The Roof Of The World

t13The roof of the world is where there is nothing taller than you. We’re going from Lhasa to the border with Nepal. We are twenty tourists who rented a bus, and among us there is also a polio with crutches. The last pass we crossed was 5220 meters, and there was the usual mound of rocks with hundreds of Tibetan flags waving in the wind.

We’re going to spend five days on the bus – we were told before leaving – with eateries very far from each other. The group leader is an American and tells us to organize ourselves for good because the next stop will be after seventeen hours. At that point we just have to buy a few packs of biscuits to the Chinese army bunker in which a soldier is guarding the land and sells biscuits.

The air, of course, is thin, the atmosphere is heavy in spite of the lightness we feel, and we’re clumsy, awkward in movements, wrapped in our yak wool coats and walk, when stop to stretch our legs and piss, like zombies, as if we were on the moon. Something is missing, and in this case it’s not just gravity. But it’s nice.

The distant landscape shows small peaks, which are the highest in the world, but from that height, they’re not at all great. Even Mount Everest viewed from above 4000 is a beautiful mountain, but certainly not a huge, or a giant one. From there it’s only 4,000 meters high, along with all others more or less the same altitude.

The sky is large and at night is as black as the darkest pitch and populated by billions of extremely brilliant and pulsating stars. Never seen such a thing; they’re like light holes on the dark background of the cosmic theater. The journey is not so easy and at the same time even not very pleasant, precisely because it’s tiring. It’s tiring to breathe, to walk, to relate with others in the group. It’s tiring knowing that we’ll arrive after days of shaking on this bus running over roads of stones and rocks, bouncing safe in the middle of an empty scenery; empty above and inside.

I’m not happy. I’m not unhappy. I’m not strong and not weakened; not fast, nor slow. It’s the atmosphere of I’m not; a feeling that pervades everything, outside, inside, myself, and others. It’s hard. Everything is beautiful, absolutely beautiful, but at the same time absolutely at the limit of my endurance. Not for human. I see it in the eyes of my fellow travelers. That is a place of rock, thin air, black sky and shimmering stars. I’m glad I’m doing it; I wouldn’t have ever experienced such a feeling anywhere else, but I don’t know if I want to try it again or even returning to Tibet.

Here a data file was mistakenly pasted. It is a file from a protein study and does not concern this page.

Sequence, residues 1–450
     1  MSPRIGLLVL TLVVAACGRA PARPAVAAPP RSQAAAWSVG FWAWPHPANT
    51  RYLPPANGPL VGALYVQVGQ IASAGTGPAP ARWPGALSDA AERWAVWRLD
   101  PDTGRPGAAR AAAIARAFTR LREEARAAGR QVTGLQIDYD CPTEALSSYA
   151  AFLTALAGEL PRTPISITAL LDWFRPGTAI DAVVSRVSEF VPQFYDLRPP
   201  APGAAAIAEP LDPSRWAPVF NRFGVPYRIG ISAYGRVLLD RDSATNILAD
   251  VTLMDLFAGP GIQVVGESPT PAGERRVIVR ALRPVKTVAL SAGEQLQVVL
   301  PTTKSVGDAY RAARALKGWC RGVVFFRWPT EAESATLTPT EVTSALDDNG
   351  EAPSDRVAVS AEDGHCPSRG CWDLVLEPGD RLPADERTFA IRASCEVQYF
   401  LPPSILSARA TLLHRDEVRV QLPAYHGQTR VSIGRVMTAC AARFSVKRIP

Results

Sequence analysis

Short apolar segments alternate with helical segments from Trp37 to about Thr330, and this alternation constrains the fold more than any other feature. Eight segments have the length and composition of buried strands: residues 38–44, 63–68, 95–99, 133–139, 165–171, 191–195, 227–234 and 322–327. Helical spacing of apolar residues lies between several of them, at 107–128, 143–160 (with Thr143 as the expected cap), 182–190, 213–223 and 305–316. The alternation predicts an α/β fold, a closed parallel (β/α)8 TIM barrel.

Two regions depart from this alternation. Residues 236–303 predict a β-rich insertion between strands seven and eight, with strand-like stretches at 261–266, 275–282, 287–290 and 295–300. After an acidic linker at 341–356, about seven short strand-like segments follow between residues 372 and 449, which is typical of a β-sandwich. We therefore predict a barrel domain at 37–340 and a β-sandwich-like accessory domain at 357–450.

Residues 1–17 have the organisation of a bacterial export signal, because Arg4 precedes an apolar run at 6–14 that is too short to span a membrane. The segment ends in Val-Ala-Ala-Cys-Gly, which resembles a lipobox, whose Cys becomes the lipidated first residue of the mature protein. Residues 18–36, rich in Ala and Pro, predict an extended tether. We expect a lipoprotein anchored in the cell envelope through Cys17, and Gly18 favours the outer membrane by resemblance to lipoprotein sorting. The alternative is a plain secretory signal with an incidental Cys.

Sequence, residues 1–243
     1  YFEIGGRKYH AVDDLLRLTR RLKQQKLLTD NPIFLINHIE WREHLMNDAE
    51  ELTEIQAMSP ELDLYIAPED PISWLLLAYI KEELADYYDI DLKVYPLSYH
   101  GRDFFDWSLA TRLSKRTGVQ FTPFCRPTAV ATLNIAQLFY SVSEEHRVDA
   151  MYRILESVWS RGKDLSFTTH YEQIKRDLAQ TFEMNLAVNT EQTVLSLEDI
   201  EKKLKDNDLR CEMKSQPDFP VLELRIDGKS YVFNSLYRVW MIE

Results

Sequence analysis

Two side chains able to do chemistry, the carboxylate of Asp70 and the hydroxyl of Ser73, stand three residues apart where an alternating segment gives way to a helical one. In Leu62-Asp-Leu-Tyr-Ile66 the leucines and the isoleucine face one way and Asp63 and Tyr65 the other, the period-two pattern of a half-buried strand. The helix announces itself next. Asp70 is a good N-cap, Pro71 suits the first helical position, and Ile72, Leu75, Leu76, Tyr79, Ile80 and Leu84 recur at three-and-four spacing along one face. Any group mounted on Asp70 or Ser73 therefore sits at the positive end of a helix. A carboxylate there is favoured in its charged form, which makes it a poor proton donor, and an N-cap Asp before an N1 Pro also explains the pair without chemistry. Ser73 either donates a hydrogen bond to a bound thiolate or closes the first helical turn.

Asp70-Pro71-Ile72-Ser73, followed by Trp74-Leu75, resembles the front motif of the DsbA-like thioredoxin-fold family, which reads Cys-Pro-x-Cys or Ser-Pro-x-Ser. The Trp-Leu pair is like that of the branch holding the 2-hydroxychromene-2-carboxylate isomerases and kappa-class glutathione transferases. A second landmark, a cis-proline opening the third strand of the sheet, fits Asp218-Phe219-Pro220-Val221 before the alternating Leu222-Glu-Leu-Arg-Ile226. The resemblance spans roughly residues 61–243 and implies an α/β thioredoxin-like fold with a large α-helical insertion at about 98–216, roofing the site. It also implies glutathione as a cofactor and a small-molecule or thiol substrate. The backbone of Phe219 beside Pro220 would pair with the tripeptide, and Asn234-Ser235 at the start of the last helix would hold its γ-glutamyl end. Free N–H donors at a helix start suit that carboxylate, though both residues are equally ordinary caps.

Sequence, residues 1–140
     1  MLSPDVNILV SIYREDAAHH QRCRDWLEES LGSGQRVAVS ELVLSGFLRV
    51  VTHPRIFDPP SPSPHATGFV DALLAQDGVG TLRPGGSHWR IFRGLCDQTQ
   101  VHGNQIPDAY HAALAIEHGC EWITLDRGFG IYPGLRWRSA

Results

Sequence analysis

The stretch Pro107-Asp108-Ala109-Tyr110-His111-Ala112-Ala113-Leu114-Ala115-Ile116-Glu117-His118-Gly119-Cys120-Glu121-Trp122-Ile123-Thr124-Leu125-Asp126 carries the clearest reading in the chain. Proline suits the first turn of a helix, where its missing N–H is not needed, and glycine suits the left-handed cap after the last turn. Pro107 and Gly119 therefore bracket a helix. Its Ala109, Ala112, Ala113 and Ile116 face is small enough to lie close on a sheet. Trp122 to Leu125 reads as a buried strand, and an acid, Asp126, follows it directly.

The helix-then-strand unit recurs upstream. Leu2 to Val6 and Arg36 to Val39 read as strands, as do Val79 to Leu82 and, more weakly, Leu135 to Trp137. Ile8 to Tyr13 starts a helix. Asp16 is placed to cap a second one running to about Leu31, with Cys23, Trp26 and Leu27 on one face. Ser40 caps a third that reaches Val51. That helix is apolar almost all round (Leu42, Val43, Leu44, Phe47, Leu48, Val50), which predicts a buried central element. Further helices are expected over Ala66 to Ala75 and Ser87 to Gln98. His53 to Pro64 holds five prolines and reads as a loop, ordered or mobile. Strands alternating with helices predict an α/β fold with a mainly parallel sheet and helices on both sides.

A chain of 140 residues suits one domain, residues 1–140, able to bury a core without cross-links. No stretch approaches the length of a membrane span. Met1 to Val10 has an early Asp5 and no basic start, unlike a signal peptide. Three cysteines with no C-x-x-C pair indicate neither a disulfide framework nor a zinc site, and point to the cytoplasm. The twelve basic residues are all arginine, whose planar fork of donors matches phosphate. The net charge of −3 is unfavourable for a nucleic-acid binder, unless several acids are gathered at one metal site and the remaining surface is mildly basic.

After five days we get to the border with Nepal. The border check point is two and a half hours of dizzying descent in the midst of tea plantations operated by Indians. Finally we can see women dressed as women, men dressed as men and boys and girls who smile, play, work, and look at us with amazement. They look at this group of twenty, including a polio, coming down from the highest mountains to arrive at a border post in which there is absolutely nothing.

After passing the immigration and customs, which are just two soldiers standing outside an empty booth, we go down even further until the first village, everything on foot, all at dizzying descent, all in the midst of tidy, beautiful, verdant tea plantations. At the village there is no one and nothing, just a truck carrying cement bags stationary in the middle of the dirt road, waiting for us to get on and take down to Kathmandu. So it is. That truck was sent from God. I wonder what web of events, destinies, things, and universal dynamics made sure that we eventually got down to Kathmandu.

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